• Don’t be afraid to play – Figure out what works for you, then run with it. If you don’t like the product that my recipe turns out for you, change the coffee-to-water ratio or the bloom time. Play with it until you get something you enjoy drinking.

Get brewing!

The Coffee Guy

You can buy the Hario v60 for about $16 on Amazon as of this writing. Now you have no excuse.

Tell Market – The best way to find new coffee is in an iPhone app

Screen Shot 2015-05-03 at 7.59.36 PMSpecialty coffee has an intrinsic problem. The best coffee is often from local, small batch roasters who get their beans from small farms in unknown corners around the globe. The issue is that terms like “small” and “local” don’t translate well to having a large advertising budget. And while hipsters might love the idea of drinking coffee before it’s been discovered by people on the other side of the country, it doesn’t give these roasters the kind of attention they deserve for putting out a great product.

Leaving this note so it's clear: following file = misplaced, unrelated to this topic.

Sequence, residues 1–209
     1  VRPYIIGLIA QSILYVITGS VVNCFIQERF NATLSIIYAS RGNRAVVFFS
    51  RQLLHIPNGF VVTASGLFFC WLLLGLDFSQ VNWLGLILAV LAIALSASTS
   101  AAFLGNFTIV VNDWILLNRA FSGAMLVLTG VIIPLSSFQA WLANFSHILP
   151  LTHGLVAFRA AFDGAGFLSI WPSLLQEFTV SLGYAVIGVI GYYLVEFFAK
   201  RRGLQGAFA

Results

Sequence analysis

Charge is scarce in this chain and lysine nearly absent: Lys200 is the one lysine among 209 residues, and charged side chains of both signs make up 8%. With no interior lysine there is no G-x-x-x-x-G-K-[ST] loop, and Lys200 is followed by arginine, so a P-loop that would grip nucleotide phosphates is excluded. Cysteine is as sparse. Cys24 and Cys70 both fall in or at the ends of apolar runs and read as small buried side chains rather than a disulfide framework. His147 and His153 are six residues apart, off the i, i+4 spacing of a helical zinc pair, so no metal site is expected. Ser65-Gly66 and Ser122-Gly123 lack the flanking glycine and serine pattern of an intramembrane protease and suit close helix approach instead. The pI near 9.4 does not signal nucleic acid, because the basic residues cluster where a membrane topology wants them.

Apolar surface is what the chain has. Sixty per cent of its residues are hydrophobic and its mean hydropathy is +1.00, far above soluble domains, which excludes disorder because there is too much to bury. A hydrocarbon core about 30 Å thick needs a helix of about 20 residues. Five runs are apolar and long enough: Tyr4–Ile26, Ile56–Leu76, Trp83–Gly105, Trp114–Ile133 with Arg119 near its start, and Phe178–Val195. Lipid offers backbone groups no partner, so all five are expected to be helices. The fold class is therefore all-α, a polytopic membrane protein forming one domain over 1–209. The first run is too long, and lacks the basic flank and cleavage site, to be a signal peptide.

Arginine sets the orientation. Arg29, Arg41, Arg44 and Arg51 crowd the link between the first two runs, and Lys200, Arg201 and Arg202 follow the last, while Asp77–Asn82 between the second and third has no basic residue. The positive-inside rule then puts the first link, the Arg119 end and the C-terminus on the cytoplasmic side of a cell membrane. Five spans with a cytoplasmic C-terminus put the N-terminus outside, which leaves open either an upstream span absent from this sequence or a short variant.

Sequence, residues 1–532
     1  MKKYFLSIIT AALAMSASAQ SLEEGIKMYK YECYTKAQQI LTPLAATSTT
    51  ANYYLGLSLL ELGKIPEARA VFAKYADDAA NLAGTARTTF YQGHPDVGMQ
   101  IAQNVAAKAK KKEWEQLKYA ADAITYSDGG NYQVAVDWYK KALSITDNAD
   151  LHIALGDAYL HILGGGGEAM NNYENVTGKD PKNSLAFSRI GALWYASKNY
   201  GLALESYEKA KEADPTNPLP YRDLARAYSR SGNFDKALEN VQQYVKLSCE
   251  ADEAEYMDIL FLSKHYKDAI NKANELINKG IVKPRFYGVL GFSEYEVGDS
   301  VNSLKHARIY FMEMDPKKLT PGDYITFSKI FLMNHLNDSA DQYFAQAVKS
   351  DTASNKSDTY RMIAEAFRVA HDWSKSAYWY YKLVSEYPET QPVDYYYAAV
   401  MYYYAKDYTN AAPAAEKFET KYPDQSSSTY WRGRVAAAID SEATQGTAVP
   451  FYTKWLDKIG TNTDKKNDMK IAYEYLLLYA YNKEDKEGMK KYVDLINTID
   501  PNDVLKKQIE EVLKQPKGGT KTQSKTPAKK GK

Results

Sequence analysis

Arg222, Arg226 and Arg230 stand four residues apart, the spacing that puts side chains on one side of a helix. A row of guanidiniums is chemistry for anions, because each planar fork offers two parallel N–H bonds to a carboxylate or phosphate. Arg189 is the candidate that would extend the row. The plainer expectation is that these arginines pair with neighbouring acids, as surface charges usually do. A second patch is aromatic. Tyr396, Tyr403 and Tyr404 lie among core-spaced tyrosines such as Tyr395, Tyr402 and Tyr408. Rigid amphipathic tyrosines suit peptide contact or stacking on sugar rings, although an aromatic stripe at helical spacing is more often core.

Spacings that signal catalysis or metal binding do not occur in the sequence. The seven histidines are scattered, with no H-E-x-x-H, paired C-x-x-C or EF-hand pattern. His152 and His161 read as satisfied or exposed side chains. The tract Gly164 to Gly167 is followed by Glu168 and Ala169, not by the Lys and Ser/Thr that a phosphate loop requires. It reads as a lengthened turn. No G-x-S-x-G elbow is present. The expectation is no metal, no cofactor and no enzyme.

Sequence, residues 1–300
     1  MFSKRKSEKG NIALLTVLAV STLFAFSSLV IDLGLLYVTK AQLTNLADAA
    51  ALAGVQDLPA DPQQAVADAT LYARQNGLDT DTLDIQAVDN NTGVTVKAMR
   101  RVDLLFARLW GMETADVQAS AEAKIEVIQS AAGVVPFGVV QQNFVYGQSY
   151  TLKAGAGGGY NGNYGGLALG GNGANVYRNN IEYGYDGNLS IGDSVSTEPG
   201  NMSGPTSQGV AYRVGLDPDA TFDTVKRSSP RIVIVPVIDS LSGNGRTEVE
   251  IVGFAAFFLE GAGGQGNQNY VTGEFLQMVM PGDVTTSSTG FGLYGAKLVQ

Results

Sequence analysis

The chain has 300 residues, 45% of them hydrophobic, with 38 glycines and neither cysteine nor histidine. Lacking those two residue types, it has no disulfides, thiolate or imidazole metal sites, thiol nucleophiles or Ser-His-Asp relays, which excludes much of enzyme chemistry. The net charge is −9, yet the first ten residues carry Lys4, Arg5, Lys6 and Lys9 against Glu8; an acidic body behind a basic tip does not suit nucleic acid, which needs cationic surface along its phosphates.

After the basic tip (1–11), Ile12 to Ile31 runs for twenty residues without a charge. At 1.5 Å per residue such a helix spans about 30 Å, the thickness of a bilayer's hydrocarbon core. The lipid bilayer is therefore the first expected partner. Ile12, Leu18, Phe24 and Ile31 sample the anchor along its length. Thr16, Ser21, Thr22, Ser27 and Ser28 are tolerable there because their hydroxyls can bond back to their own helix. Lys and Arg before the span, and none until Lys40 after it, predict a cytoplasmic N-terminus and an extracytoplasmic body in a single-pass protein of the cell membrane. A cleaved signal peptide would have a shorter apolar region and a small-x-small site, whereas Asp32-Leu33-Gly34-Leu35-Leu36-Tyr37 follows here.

There is no shortage of coffee services that deliver quality beans straight to your front door. For a long time, my favorite service has been Tonx (now partnered with Blue Bottle). These days, nearly every specialty coffee roaster has some service that allows you to get fresh beans delivered weekly, bi-weekly, or whenever you feel like it.

The problem with these services is that you are always getting beans from the same company – which may not be an actual problem if you really really like that roaster. However, this poses a dilemma for people like me that want to try coffee from everywhere, not just one roaster. Variety is the spice of life, isn’t it?